Tiny metal 3" lever mounted on a black plastic base. Mechanism covered by 1"x1"x1-3/4" grey metal cover. All mounted on a grey stamped steel base. These keys were used with R-143, R-159, Angara and some spy radios and some special radios. The key is also supplied in a small green case.
All plated metal key with large doorknob shaped knob integrated onto hollow plastic base with plastic cover which snaps over the key. It was made in Ukrainian Telegraphy Equipment Plant ZTA in Cherkassy between 1988 - 1992. Keys were mostly used by Arctic weather stations and the Military.
Russian Military Key Model TKF in steel case with switch

This scarce version of the TFK key is mounted in a steel case with hinged lid and lockable latch painted in olive green. It carries a label on the lid with its serial number 1122341169.  Under the serial number is УВУ = Russian=Устройство Выносного Управления = Remote Control Device.
Inside is a TFK key with a switch giving three possible positions, these being;
ТЛГ. = CW Mode
СЛ. Связь = Internal Communication
ТЛФ. = Phone Mode
On the underside of the key is an opening giving access to the switch terminals for wiring purposes. Also inside, apart from the switch, are the filter elements.
Obtained from Andy UT2WQ in October 2018 and who supplied the Russian translations. Andy also states that he has only ever seen two of these keys, one being this one, the other is in his collection.
Light metal 4-1/2" lever mounted on a black plastic base. Mechanism covered by black metal swing over cover. All mounted on a black stamped steel base. This key was first produced before WW-2 in 1938.
RUSSIAN TRAINING KEY circ 1950 onwards
This inexpensive training key has black painted stamped metal parts with doorknob style knob integrated onto a narrow black plastic base. Many of these keys were made for use in training DOSAAF (MARS) and school children in the use of the code. Greg Ulsamer reports that DOSAAF represents abbreviations of the Russian words: Dobrovol'noye Obshchestvo Sodeystviya Armii Aviacii i Flota which means in German: Freiwillige Gesellschaft zur Forderung von Heer, Luftwaffe, und Marine. In English, it is: Voluntary Organization for the promotion of Army, Air Force and Navy, a pre-military organization to train children in these fields. They are found in various colours and although appear quite cheaply manufactured, actually are quite a nice key with a positive feel.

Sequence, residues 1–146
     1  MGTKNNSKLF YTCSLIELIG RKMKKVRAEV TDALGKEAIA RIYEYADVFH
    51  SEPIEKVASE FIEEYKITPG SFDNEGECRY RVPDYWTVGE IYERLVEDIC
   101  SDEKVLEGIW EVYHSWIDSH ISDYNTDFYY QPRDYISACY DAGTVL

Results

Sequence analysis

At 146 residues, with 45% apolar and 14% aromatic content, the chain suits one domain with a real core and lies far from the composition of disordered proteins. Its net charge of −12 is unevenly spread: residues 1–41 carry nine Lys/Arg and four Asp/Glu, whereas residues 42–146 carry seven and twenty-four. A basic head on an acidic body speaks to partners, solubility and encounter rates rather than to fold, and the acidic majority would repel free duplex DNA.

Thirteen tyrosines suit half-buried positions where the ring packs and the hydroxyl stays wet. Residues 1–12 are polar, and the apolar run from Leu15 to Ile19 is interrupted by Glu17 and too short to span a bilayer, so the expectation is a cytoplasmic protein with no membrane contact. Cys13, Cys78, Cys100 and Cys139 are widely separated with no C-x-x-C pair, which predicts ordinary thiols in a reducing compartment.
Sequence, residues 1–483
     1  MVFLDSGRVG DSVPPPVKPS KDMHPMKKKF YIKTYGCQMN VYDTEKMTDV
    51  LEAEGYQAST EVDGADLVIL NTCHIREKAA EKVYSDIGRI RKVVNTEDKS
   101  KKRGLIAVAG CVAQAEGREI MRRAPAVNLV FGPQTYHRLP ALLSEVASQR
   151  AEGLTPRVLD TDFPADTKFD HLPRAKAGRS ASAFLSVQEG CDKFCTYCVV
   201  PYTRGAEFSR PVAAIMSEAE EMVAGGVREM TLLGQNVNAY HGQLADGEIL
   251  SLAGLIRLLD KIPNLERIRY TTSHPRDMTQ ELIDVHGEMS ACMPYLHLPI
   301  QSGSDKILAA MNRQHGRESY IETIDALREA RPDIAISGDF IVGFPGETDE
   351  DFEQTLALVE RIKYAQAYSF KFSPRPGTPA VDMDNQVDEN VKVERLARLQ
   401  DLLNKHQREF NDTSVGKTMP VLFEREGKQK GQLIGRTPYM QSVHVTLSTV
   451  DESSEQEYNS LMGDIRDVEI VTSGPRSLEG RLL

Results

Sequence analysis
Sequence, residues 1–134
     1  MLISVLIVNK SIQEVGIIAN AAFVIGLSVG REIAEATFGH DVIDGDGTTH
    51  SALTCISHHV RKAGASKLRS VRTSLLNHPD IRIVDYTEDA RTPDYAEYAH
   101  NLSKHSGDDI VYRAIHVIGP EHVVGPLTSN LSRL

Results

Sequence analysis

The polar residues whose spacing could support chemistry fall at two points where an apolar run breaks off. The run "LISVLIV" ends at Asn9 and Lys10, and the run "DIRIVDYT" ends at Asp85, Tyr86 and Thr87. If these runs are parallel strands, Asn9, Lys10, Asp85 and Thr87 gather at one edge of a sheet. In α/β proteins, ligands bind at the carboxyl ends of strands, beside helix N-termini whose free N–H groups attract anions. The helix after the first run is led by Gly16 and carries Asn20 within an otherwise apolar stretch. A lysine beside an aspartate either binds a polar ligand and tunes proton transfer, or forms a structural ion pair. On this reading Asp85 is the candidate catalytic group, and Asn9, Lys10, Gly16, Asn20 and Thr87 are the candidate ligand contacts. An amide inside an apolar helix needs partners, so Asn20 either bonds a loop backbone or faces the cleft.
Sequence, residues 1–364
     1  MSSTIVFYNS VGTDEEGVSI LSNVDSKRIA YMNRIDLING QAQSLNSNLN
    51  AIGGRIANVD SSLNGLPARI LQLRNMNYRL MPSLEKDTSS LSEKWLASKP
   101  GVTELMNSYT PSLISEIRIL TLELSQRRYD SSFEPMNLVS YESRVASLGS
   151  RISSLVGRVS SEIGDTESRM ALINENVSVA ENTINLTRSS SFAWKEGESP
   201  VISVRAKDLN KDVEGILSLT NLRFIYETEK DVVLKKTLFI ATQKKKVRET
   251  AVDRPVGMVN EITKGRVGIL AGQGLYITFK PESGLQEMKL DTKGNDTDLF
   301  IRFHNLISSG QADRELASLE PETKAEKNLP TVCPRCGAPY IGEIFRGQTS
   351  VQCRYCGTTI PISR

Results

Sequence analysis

Russian Military Mini Spy Key circ 1950
A well made Russian Mini Key with original cord and plug but missing the sheet steel / aluminium cover that would have enclosed and protected the contacts. It has conductor strips on the top side of the base very similar to the Marconi "Roadmap Spark Key from circ 1912. My research finds that this Key was used with the R104M Radio and dates from circ 1950 but would welcome input from one of our Russian Key collectors.
   Russian Military Mini Spy Key circ 1950 (with cover)

This is identical to the above key which is missing the original cord and plug but does have the cover that is missing from the other example.
Russian Military Enclosed Key

This large heavy duty key has a 5-1/2" lever mounted on a black plastic base. Mechanism is enclosed in a grey painted aluminium cover measuring 2"Wx3"Hx4"D. It was used with the high powered 1kw R-102M radio sets. Earlier versions of this key were used with airbourne SB-5/R-801/R-807/Danube/RSB-70 which are the Russian replicas of SCR-274, ART-13, and ATC/ATD) radio sets. This key is complete with its original lead and plug and was purchased from Andrzej SQ5OBO in Poland in 2018/19.
Russian Military Enclosed Key Version 2